The amyg­dala is direct­ly wired to the hip­pocam­pus, also a part of the lim­bic sys­tem. Since the hip­pocam­pus is involved in stor­ing and retriev­ing explic­it mem­o­ries, it feeds the amyg­dala with strong emo­tions trig­gered by these rec­ol­lec­tions. Why is this impor­tant? If a child has a neg­a­tive expe­ri­ence in school, like being ter­ri­bly embar­rassed when asked to read in front of the class, the hip­pocam­pus just won’ t let go of this mem­o­ry, and it shouts it out to the amyg­dala. Since the amyg­dala has signed a no con­fi­den­tial­i­ty agree­ment, it sends a warn­ing to the rest of the brain to go into pro­tec­tion mode. A rather amaz­ing arrange­ment, don’t you think?

What’s real­ly inter­est­ing about this is that the hip­pocam­pus spe­cial­izes in pro­cess­ing the con­text of a sit­u­a­tion. As a result, the child under stress gen­er­al­izes the entire sit­u­a­tion and uses it as jus­ti­fi cation for anx­i­ety or stress: “ Hey, they’re telling me to go to social stud­ies class. ”Even though not every­thing about social stud­ies may be a threat — per­haps just the fact that they read out loud in there — the hip­pocam­pus sends out a gen­er­al alert. So the stu­dent responds by protest­ing the whole enchi­la­da: “No way I’m going there.”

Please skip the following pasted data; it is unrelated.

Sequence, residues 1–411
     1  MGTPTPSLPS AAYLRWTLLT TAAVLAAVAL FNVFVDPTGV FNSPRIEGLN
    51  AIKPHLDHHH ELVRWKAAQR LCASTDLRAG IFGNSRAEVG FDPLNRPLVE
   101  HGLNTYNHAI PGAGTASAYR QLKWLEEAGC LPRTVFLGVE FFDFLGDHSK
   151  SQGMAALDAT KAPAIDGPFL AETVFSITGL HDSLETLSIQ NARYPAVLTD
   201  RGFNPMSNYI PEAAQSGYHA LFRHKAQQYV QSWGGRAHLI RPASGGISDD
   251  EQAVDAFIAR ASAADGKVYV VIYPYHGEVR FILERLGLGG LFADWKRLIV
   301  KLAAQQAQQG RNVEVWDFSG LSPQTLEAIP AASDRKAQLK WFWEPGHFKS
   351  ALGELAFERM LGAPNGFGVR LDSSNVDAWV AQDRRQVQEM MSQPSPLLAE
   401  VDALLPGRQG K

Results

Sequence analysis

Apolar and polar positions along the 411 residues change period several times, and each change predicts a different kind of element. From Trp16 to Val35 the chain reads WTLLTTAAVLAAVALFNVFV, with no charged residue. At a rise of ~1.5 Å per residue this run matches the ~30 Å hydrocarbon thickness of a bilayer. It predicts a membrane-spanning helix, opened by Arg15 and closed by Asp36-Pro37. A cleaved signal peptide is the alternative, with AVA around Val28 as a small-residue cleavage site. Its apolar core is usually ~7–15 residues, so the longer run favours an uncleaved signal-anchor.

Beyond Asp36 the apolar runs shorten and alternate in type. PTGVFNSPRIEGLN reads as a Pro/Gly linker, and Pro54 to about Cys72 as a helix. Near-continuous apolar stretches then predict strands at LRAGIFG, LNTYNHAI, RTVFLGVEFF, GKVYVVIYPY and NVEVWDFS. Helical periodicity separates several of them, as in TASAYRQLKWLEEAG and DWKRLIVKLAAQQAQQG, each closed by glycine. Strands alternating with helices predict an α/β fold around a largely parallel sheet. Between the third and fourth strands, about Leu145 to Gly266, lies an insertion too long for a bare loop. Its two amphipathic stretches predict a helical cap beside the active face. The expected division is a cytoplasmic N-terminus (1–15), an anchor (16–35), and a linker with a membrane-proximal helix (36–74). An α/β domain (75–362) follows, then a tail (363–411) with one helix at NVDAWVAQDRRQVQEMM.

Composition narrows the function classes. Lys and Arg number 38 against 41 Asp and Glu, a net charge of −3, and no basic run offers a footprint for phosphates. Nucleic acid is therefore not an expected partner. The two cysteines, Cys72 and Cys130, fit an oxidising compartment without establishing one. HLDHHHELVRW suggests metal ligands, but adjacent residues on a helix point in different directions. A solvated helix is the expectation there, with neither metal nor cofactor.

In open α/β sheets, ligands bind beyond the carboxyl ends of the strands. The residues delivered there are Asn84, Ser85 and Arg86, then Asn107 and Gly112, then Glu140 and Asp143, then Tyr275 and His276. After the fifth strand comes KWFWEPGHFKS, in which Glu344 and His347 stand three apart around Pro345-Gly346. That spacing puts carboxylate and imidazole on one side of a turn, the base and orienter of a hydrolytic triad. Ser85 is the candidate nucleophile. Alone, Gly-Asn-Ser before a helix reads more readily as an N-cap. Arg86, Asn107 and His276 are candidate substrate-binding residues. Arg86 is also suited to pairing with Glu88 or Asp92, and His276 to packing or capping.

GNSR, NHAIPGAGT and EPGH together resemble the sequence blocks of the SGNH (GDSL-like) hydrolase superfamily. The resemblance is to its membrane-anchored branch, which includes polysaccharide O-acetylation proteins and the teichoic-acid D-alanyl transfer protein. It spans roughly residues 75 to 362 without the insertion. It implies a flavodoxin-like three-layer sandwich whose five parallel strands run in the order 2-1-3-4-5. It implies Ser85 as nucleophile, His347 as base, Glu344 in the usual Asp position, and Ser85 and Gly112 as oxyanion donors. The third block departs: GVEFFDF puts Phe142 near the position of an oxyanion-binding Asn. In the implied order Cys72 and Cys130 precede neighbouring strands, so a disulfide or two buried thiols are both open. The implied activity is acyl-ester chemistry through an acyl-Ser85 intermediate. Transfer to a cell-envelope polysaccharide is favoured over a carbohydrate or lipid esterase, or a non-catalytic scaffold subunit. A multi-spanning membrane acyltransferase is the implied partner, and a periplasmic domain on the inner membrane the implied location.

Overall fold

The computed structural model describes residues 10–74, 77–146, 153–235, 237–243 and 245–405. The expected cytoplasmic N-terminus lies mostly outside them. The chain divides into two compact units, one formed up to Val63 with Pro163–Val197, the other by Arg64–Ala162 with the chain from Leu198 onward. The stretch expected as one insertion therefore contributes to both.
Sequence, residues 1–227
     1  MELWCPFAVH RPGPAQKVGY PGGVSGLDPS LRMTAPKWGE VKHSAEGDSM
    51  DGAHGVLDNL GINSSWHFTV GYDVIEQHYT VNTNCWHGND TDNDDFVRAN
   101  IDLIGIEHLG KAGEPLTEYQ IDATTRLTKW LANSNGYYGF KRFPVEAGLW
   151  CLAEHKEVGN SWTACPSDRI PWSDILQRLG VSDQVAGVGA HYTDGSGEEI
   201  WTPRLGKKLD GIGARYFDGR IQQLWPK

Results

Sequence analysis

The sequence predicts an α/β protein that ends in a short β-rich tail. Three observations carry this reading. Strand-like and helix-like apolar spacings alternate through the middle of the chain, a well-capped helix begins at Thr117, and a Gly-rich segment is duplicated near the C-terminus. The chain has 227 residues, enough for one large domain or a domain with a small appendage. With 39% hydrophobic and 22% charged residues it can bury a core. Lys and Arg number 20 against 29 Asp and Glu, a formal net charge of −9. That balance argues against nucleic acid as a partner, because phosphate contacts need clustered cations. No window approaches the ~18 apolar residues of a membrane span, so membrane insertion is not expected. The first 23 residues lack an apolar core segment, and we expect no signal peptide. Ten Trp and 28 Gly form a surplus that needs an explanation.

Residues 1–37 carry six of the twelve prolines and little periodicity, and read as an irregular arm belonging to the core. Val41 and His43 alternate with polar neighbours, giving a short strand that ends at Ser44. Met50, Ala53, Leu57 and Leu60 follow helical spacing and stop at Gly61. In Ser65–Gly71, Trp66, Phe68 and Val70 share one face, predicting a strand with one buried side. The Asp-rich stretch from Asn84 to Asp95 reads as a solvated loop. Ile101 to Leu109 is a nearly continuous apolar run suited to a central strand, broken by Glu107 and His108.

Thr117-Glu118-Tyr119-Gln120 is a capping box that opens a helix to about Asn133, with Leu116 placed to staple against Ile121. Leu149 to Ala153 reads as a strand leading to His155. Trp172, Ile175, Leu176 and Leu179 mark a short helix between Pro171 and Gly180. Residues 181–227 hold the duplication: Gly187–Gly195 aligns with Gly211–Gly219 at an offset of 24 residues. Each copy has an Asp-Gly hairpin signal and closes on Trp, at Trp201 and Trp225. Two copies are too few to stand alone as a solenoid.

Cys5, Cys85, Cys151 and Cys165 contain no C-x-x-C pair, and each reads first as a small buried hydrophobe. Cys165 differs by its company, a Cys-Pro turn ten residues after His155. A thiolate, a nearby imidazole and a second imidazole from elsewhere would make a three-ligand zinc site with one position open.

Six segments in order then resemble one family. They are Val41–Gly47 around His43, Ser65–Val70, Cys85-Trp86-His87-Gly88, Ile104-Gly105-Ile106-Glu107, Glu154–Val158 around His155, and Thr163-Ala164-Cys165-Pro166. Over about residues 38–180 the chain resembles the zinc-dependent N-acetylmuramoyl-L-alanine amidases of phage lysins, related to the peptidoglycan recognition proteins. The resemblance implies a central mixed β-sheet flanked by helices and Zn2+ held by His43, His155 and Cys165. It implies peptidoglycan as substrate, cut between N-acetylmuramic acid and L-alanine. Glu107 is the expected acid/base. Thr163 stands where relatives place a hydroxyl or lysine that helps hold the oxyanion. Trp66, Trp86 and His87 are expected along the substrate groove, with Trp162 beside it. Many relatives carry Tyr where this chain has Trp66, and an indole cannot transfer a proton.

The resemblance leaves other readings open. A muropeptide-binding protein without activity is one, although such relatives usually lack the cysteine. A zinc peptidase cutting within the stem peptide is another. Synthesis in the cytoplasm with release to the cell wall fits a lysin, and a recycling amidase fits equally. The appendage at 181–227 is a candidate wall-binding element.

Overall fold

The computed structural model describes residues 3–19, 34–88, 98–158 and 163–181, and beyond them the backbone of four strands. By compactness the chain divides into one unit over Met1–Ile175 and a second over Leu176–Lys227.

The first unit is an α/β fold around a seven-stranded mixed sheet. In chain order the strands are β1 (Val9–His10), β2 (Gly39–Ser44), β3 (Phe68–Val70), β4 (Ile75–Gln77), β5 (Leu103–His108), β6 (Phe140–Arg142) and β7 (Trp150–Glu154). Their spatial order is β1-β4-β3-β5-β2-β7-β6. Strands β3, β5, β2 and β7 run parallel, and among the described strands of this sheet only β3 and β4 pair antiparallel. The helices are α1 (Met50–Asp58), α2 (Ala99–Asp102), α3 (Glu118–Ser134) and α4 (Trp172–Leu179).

The amyg­dala is also wired to the medi­al pre­frontal cor­tex. Want to know why this is impor­tant? This is the area of the brain that seems to be involved in plan­ning a spe­cif­ic response to a threat to safe­ty. Here ’ s how it works: the child is hit with the gigan­tic Titan­ic news (which may be just “social stud­ies com­ing up next” to the rest of the group, but it’s “Sub­merged ice­berg ahead!” to the kid wor­ried about per­ceived hor­rors there). This two — way  com­mu­ni­ca­tion between the pre­frontal cor­tex and the lim­bic sys­tem (par­tic­u­lar­ly the amyg­dala) enables us to exer­cise con­scious con­trol over our anx­i­ety. The emo­tion — cog­ni­tion con­nec­tion allows us to feel that we can do some­thing about the dan­ger that lies ahead. The child is then faced with the neces­si­ty of choos­ing a course of action that looks best for get­ting out of dan­ger. This seems very pro­tec­tive but tends to be coun­ter­pro­duc­tive, because the very mech­a­nism that allows us to cre­ate an escape plan can actu­al­ly cre­ate anx­i­ety. “ Oh crud — now we have to do some­thing! ” The brain not only allows us to imag­ine a neg­a­tive out­come, which can help us avoid dan­ger, it makes it pos­si­ble for us to imag­ine dan­gers that do not actu­al­ly exist. This is a prob­lem for chil­dren who have ADHD, and a huge prob­lem for stu­dents who have both anx­i­ety dis­or­ders and ADHD. If you do a brain scan of a per­son with ADHD while putting on pres­sure to per­form in a cer­tain way, you see that this “to do” order results in a decrease in activ­i­ty in the pre­frontal cor­tex (instead of increas­ing it, as it does in most peo­ple). This helps explain why kids with ADHD don ’ t respond well to lists. These are read as “thou shalt” mes­sages. What helps some of us stay orga­nized sends some kids with ADHD up the wall.